Philippine hawk-eagle flies to its freedom
CAGAYAN DE ORO CITY, Philippines (June 9, 2014) —- A Philippine Hawk-Eagle in captivity flew into its freedom on Monday after it was released into the slopes of Malasag Hill, Cugman, here by the Executive of the Department of Environment and Natural Resource in Northern Mindnao region.
Roel Dahunog, Acting Chief of the Protected Areas and Wildlife Division of the Department of Environment and Natural Resources (DENR), Region 10, along with other concerned individuals, freed the raptor after it was taken by the government from an authorized collector at barangay FS Catanico, here on May 14, 2014.
At first, the Hawk-Eagle refused to fly and instead perched on the gloved hands of Dahunog as if reluctant to leave. A few seconds later, the raptor flew after being prodded but landed on the ground a little farther from Dahunog and other bird handlers.
Dr. Miguel de Leon, one of the handlers, stepped gently toward the bird and picked it up with his bare hands. “This is not good because the bird is becoming tame and could lose its hunting skill for its food. It’s a raptor and it should not have allowed anyone to touch it,” stressed de Leon.
Weighing only about 1.5 kilos, the raptor had a wound from its beak to the back of its head and its handlers had given up the bird for dead. It can be recalled that the DENR gave the bird to de Leon hoping he could save it. And he did it after performing a surgical procedure on it. De Leon, a son of the late journalist Cynthia, is an ophthalmologist by profession and a wildlife enthusiast.
The Philippine Hawk-Eagles are birds of prey. It hunts for its food. It will get lazy and will lose its hunting skills if we continuously feed it. According to the wildlife monitoring group Birdlife International, there are only around 340 pairs of Philippine Hawk-Eagles in Mindanao and some 220 pairs in Luzon. It is classified as “vulnerable” due to the loss of its forest habitation, hunting and trade.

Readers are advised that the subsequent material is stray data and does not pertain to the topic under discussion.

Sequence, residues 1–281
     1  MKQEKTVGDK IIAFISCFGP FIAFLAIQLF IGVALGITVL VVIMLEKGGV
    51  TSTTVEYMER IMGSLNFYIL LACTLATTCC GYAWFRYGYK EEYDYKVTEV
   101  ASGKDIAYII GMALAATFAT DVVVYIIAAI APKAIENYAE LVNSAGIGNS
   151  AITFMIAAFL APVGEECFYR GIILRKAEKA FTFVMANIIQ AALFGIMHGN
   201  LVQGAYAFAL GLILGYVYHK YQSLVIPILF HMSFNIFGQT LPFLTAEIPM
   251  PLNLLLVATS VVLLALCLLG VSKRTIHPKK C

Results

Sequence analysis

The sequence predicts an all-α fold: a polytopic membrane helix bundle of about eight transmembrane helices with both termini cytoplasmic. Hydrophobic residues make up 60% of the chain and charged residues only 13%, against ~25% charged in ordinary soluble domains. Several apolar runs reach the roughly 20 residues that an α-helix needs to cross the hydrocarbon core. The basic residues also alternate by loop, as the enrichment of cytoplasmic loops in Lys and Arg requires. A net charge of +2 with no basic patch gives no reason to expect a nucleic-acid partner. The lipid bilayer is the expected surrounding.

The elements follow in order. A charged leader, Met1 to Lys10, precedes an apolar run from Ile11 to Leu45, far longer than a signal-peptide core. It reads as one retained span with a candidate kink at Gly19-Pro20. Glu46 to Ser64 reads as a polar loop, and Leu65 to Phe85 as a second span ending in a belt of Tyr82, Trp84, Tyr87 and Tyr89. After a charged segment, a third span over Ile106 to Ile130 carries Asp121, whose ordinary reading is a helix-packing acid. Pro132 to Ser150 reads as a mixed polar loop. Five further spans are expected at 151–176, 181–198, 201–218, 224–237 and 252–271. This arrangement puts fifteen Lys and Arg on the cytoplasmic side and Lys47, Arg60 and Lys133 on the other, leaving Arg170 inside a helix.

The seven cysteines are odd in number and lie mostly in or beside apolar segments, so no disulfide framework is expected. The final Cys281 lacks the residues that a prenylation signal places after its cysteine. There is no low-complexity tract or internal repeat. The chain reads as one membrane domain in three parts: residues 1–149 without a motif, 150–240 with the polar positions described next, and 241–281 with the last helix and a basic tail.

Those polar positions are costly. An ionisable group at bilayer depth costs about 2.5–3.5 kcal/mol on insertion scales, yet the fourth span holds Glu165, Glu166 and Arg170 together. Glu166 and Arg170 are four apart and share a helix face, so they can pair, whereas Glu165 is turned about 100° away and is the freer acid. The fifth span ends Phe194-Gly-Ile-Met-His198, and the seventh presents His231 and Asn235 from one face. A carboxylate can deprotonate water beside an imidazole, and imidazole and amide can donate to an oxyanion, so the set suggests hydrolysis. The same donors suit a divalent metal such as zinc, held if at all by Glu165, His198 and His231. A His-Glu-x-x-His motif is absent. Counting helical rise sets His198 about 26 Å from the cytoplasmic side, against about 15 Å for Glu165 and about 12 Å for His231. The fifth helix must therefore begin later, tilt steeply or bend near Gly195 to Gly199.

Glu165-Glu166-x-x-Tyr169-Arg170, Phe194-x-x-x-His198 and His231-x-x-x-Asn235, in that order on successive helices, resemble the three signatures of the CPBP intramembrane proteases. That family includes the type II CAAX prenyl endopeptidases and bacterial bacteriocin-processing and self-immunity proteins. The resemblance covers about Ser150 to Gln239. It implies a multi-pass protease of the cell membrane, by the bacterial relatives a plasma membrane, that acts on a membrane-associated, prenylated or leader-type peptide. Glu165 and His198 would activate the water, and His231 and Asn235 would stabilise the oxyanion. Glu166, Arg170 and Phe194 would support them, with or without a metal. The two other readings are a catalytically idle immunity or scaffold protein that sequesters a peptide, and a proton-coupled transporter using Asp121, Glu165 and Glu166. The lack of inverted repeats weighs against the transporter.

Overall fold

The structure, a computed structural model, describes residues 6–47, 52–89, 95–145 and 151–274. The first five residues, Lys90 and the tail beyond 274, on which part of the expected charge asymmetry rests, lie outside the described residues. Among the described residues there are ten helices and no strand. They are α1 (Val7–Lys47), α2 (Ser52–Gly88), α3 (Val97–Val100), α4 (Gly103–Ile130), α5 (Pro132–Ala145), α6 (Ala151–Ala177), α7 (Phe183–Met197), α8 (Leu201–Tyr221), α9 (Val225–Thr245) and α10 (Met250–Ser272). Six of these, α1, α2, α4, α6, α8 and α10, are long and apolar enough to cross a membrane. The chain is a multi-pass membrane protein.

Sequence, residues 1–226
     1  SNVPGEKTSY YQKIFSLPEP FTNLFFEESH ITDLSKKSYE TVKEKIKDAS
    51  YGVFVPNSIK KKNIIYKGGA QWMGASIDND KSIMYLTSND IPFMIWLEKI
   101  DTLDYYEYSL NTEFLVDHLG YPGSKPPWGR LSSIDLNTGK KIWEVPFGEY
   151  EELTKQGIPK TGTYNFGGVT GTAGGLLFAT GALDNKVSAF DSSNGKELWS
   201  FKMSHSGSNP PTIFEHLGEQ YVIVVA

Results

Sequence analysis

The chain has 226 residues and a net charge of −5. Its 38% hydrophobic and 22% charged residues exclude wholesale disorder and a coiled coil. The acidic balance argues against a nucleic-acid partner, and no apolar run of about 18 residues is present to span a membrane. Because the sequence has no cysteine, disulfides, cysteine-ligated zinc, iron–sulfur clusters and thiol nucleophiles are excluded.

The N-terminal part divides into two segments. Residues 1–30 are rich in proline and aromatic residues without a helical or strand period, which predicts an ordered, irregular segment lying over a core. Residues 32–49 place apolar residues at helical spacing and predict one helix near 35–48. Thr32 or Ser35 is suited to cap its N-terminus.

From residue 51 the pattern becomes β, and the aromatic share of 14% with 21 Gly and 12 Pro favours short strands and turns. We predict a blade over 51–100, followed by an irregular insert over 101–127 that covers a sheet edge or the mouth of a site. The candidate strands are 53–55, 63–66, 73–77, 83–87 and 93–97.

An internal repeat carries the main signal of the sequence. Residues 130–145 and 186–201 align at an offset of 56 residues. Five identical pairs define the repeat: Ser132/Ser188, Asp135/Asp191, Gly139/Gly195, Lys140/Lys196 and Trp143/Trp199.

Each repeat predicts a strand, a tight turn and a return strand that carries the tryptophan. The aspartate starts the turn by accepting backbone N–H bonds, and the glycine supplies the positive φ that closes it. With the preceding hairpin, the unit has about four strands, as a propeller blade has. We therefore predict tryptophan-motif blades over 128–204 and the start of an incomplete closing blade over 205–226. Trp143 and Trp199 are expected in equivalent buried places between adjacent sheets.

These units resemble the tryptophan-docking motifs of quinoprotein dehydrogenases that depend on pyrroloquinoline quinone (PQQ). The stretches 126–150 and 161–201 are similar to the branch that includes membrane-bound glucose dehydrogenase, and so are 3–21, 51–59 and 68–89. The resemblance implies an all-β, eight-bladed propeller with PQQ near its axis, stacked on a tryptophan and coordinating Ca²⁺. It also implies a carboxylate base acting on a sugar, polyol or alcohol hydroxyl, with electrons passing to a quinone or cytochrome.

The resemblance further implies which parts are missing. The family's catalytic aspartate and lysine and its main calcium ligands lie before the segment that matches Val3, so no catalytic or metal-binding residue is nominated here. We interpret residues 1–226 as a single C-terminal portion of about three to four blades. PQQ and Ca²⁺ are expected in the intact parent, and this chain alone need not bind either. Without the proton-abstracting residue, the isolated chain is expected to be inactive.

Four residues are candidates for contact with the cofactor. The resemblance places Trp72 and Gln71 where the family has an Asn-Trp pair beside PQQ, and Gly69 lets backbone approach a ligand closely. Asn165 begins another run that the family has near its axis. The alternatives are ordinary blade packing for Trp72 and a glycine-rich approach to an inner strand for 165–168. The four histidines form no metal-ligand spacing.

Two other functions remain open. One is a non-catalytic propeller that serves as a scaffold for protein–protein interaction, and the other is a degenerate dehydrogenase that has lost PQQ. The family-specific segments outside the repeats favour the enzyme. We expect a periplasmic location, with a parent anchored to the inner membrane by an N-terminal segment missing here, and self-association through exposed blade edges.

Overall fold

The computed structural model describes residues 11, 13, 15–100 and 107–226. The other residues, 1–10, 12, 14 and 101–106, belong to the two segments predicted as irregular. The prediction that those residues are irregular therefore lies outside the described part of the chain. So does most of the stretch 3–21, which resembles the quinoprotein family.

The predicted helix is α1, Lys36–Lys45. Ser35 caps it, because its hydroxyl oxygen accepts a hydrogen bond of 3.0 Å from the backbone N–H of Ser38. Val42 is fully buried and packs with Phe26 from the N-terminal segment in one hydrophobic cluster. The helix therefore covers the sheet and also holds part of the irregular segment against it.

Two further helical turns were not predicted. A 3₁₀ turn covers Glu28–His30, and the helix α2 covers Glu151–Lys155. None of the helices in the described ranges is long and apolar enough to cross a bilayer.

Meanwhile, Dahunog said they are strictly monitoring the collectors because the trade of wildlife is a booming market despite DENR efforts to get rid of it for the past ten years. “The attraction of having an exotic pet is fueling a multi-billion peso illegal trade of wildlife in the country. It is ongoing despite our efforts to stop it ten years ago,” Dahunog said.
On May 16, 2014, a raid was conducted by the National Police Criminal Detection and Investigation Group on a suspected gunrunner’s house which yielded firearms, several wildlife species in cages including a crocodile.
Dahunog said the internal traffickers of wildlife still use the old port of entry in General Santos City to smuggle turtles, geckos, snakes and mynahs from Indonesia which were placed in cramped boxes.
He said because the DENR lacks the personnel to monitor the illegal trade, the smugglers could easily bring the wildlife species to Manila by trucks via the Lipata ferry in Surigao City.
He said another preferred route used by wildlife smugglers is via Palawan and most of the animals end up for sale on the streets of Cebu City. “But the major market for the illegal wildlife sale is Cartimar Market in Pasay City. You can find every species of wildlife for sale there,” Dahonog said.
The sale of wildlife in Cartimar Market is also advertised openly in social networks and blog sites. In one blog site, allthingsmanila.blogspot.com, a picture was posted of an 11-month old macaw were on sale for 75,000 pesos.
The Philippine Congress passed Republic Act no. 9147 or the Wildlife Resources Conservation Act to protect the country’s wildlife from illicit trade, abuse and destruction. The law also regulates the collection and trade of wildlife and spurs conservation efforts in its habitats. But look what actually happened has been ironic. (LOR VILLA ENCENZO)